- It’s authoritarian
The bill mandates state-sponsored coverage for all New Yorkers, whether they want it or not, while effectively banning private insurance and private fees. Imagine imposing that level of government control over other necessities such as food, housing or education.
- It gives New Yorkers more reasons to leave
Wealthy individuals and businesses can easily avoid the new single-payer taxes by setting up residence in another state. People of even modest means who are happy with their current coverage might choose to live elsewhere. Medical providers who do well under the present system might decide they’re better off leaving. On the other hand, the offer of free long-term care would incentivize people to move here just before they enter a nursing home or seek other costly services.
- It leaves too many questions unanswered
The bill is long on promised benefits but short on details about the trade-offs. The most consequential decisions—starting with where to set tax rates and how to compensate providers—are left to be determined by future legislators, a future governor and a future panel of appointees. Nor has the proposal been subject to a full-fledged analysis or proper public hearings. Lawmakers should do their homework before passing what would be the most complicated and high-stakes program in state history.
- It depends on trusting Albany
Running a health plan for 20 million people demands a level of competence and honesty that the state government has never demonstrated before. For a preview, look no further than New York’s Medicaid system, which is hugely inefficient and riddled with waste and corruption. Time and again, Albany puts the interests of players in the system—especially those who can afford lobbyists and campaign contributions—over the needs of the vulnerable people Medicaid is supposed to serve.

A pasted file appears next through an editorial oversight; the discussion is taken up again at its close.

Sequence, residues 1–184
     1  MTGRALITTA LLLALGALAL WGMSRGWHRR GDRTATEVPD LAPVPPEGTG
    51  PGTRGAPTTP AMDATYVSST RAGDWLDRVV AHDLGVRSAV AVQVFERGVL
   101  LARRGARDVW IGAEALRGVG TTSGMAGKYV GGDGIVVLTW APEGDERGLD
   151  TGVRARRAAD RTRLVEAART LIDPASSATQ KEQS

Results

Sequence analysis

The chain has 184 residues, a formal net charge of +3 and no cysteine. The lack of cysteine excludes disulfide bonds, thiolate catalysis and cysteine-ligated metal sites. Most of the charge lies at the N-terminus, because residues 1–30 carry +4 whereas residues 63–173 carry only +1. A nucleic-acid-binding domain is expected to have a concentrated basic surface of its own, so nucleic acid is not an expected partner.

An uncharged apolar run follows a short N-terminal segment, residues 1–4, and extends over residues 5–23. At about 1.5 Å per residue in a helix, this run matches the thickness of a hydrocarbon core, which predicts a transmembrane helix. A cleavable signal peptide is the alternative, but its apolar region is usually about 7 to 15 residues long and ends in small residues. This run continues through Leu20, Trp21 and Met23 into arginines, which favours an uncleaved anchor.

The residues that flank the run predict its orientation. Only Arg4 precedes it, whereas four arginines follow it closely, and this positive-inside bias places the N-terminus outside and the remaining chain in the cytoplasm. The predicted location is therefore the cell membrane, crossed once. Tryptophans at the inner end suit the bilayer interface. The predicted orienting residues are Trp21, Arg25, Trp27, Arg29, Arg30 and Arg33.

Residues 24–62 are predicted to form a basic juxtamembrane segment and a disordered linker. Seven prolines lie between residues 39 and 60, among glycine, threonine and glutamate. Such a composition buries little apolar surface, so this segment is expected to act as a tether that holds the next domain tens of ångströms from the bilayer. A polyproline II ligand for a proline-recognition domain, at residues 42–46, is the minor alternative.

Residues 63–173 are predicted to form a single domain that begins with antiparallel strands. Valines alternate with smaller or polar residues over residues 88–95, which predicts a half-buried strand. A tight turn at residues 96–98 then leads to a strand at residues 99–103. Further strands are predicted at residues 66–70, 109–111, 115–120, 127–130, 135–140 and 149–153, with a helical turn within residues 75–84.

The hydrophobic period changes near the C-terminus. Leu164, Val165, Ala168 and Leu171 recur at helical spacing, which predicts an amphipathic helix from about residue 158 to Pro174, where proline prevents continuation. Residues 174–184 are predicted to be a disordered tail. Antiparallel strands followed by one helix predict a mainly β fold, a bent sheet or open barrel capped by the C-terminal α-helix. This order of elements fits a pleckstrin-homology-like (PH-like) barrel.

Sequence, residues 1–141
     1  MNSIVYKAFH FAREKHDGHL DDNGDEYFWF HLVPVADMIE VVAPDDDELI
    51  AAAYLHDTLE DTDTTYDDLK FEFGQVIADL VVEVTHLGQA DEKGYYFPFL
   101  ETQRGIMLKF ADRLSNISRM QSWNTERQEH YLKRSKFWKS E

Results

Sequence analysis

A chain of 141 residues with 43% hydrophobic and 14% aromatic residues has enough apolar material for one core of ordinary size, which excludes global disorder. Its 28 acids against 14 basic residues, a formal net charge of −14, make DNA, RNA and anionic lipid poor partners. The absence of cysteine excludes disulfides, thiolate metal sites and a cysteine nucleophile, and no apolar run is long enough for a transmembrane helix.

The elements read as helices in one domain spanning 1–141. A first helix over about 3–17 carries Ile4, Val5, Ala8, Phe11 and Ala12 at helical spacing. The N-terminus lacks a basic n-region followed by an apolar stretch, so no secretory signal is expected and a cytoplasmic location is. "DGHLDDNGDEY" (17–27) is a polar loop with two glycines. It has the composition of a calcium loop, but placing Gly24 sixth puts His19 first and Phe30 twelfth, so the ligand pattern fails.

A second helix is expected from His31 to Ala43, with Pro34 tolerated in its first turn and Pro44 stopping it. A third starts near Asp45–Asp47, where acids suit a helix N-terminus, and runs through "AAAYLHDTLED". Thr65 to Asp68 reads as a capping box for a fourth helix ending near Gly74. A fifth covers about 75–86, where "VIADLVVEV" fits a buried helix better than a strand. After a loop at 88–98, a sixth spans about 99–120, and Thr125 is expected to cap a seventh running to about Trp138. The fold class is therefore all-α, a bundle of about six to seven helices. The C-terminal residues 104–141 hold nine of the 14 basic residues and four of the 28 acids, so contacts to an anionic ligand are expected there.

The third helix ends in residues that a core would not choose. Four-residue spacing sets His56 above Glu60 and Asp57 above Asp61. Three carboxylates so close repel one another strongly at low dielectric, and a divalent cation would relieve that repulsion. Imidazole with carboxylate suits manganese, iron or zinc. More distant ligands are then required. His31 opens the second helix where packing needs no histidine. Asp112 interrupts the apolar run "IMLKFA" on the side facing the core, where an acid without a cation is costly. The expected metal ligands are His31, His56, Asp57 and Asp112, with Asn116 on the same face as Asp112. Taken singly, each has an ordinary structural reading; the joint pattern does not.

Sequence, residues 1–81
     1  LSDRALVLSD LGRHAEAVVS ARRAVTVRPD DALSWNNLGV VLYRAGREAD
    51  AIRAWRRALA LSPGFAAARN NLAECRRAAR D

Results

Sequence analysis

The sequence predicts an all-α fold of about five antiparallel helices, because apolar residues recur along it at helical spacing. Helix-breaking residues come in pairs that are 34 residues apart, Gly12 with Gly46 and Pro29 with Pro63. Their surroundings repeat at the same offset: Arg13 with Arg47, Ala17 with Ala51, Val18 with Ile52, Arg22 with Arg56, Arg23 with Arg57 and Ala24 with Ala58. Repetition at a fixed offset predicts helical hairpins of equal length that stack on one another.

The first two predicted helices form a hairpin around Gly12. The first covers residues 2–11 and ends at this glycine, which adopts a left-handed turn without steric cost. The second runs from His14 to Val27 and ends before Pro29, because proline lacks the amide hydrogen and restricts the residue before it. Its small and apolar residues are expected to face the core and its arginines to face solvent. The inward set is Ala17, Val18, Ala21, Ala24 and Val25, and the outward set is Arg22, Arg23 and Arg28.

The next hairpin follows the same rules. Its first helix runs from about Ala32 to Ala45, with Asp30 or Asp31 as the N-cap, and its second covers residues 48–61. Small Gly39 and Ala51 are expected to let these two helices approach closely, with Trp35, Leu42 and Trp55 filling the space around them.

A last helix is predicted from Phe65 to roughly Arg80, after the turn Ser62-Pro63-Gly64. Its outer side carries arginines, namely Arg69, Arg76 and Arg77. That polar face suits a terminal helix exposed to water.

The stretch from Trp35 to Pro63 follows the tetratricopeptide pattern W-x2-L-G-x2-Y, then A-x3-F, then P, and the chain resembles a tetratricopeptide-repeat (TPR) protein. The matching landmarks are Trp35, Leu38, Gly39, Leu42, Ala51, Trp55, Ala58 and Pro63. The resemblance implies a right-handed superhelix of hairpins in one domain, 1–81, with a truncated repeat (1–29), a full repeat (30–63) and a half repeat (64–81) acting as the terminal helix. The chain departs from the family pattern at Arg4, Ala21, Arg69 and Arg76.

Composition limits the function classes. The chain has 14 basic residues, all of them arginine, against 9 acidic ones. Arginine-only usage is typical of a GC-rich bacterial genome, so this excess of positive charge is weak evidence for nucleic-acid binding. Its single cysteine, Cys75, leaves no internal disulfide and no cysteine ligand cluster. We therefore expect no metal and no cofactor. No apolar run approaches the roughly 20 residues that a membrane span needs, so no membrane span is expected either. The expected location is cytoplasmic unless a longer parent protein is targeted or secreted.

- It’s the wrong response to a pandemic
The best way to fight a viral outbreak is to prevent it from spreading in the first place. That’s primarily the job of the public health system—which focuses on entire populations rather than individuals and does not depend on insurance companies for money. Doctors, hospitals, nurses, etc., play the essential role of treating those who do become sick, but they’re not the ones who order quarantines, limit crowd sizes, shut down non-essential businesses or mandate mask-wearing. Most hospitals and doctors became less busy during the height of the pandemic, to the point that many hospitals furloughed employees and needed financial bailouts. When hospitals did become overwhelmed with patients, it wasn’t because people lacked coverage, but because the public health system had broken down.
Further reading on the New York Health Act from the Empire Center:
“The Impact of Single-Payer on New York Hospitals” (December 2018 report with the Manhattan Institute)
“Do No Harm: The Case Against Single Payer in New York” (January 2019 report)
“Single-payer, Version 2.0” (February 2019 blog post)
“NY’s Uninsured Rate Hits New Low” (September 2019 blog post)
“The New York Health Act’s Revenue Roller Coaster” (September 2019 blog post)